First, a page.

Plants with normal morphology in next progeny indicate the elimination of ipt gene that provides marker free but transgenic plants.
Ipt system selection system
Ipt system along with plant TDNA like P-DNA fragment produces marker free potato plants with the binary vector system. In this selection system, the cod A gene provides the negative against the integration of nptII marker gene. This coda gene is toxic and codes for the enzyme that cleaves non-toxic flourocytosin into cytotoxic 5-Flourouracil.
Agrobacterium strains are also used for this type of selection system as the strain has mutated auxin synthesis gene but ipt gene is intact on TI plasmid of its own. The proliferation and adventitious root development serve as the basis for selection. However, this method has the maximum efficiency rate of 5% only because of repeated re-insertions.
This system allows the relocation of gene of interest to study the positioning effect of genes on certain qualities of plant. The integration pattern of gene is simple and the excision is possible for selectable marker gene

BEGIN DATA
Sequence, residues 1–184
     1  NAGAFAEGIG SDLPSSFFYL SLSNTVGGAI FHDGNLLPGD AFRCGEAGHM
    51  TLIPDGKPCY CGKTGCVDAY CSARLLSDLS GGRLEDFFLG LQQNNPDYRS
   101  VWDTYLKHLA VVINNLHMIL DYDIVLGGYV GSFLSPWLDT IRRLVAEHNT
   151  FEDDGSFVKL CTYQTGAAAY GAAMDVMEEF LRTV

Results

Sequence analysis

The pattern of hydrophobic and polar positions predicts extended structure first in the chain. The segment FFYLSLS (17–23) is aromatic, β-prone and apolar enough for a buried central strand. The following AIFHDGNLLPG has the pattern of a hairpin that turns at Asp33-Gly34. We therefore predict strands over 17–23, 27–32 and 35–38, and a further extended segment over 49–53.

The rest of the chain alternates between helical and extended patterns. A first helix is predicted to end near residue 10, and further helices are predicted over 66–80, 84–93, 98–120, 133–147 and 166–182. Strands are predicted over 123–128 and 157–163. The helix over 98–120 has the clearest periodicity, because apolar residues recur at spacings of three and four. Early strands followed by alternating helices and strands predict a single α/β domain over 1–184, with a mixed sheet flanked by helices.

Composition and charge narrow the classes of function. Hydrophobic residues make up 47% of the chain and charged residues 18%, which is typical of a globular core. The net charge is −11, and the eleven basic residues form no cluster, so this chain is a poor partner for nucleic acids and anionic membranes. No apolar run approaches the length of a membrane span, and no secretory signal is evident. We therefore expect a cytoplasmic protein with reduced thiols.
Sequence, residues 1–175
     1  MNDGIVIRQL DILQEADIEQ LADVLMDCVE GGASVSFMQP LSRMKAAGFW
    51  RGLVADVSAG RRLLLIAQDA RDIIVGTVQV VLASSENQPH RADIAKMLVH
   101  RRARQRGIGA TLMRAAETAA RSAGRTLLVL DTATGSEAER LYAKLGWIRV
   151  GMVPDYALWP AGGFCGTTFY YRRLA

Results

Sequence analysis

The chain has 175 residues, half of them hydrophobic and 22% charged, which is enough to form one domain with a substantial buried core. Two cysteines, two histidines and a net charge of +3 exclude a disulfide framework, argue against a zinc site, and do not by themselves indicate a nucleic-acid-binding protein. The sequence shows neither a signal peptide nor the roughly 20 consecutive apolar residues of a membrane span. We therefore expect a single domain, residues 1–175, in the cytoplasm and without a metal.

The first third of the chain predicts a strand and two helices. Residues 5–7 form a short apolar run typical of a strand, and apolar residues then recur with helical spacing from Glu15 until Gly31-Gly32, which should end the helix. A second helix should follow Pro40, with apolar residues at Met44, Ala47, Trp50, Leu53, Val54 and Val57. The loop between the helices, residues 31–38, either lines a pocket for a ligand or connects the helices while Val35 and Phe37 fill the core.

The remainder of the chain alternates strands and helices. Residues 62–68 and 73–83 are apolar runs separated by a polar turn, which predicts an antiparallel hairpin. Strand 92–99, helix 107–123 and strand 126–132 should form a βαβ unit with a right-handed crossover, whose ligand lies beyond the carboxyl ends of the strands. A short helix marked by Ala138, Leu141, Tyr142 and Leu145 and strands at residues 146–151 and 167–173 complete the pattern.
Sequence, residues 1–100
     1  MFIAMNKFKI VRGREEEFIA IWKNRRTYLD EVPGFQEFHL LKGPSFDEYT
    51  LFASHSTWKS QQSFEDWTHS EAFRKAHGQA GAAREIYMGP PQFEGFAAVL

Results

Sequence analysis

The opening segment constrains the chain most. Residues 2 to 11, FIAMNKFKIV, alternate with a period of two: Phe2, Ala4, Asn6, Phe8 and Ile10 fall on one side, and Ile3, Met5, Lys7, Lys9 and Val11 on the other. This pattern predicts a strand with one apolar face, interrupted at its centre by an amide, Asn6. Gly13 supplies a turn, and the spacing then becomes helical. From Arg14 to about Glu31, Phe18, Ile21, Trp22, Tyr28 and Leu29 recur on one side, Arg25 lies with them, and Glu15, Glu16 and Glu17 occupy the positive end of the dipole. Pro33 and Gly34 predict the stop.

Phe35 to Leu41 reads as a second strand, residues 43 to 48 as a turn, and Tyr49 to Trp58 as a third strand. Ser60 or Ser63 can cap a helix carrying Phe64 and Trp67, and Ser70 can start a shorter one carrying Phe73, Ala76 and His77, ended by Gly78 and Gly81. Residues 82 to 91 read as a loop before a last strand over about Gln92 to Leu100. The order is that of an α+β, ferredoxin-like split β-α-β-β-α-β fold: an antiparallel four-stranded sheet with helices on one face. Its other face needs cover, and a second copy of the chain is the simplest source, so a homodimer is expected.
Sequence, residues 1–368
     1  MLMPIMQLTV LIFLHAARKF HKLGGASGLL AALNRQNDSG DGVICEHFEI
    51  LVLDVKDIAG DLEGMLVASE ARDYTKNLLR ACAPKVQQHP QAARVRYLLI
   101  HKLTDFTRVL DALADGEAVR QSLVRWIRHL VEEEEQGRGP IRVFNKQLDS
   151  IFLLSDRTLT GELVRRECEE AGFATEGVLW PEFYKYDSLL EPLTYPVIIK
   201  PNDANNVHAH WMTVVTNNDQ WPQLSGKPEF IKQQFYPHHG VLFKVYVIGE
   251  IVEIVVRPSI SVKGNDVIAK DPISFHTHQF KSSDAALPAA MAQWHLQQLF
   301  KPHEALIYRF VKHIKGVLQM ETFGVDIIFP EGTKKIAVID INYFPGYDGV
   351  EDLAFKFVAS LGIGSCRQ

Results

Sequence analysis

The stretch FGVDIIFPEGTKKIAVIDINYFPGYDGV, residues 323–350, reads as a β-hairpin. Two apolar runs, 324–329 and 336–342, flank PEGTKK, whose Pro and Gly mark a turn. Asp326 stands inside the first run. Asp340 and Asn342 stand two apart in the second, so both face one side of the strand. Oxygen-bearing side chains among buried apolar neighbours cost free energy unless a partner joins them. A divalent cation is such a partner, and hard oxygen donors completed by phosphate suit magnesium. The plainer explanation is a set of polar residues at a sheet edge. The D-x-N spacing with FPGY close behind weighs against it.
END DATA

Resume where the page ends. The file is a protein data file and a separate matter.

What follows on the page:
Drawbacks of technique
Disadvantages are many as well. The transposition efficiency varies among plant species and the method is time consuming and laborious. In some cases there is low efficiency of elimination of marker gene which is due to re-insertion ability of transposons. The transgenic plants are genetically instable because of heterologous trasnposon and mutations. Also it is not applicable for sterile plants and plants of longer life span such as trees.
4. Homologous recombination system
This method makes use of natural DNA repair mechanism of plant cells. The homologous recombination and the mechanism of non-homologous end joining repair the double stranded breaks in DNA molecule. Which strategy is useful for repair, depends on the site of DNA break. During this process of repairing, it is possible to add or delete the genes at that point. In fact, the deletion is much easier than the addition of gene.
A selectable marker gene was placed between the two repeat sequences 352 bp attP regions of becteriophage genome. The % age of A and T is higher at this point that acts as stimulatory signals. In petunia hybrid plant these copies located near the transformation booster sequence. The levels of repair mechanisms (both homologous and end joining methods) also enhanced.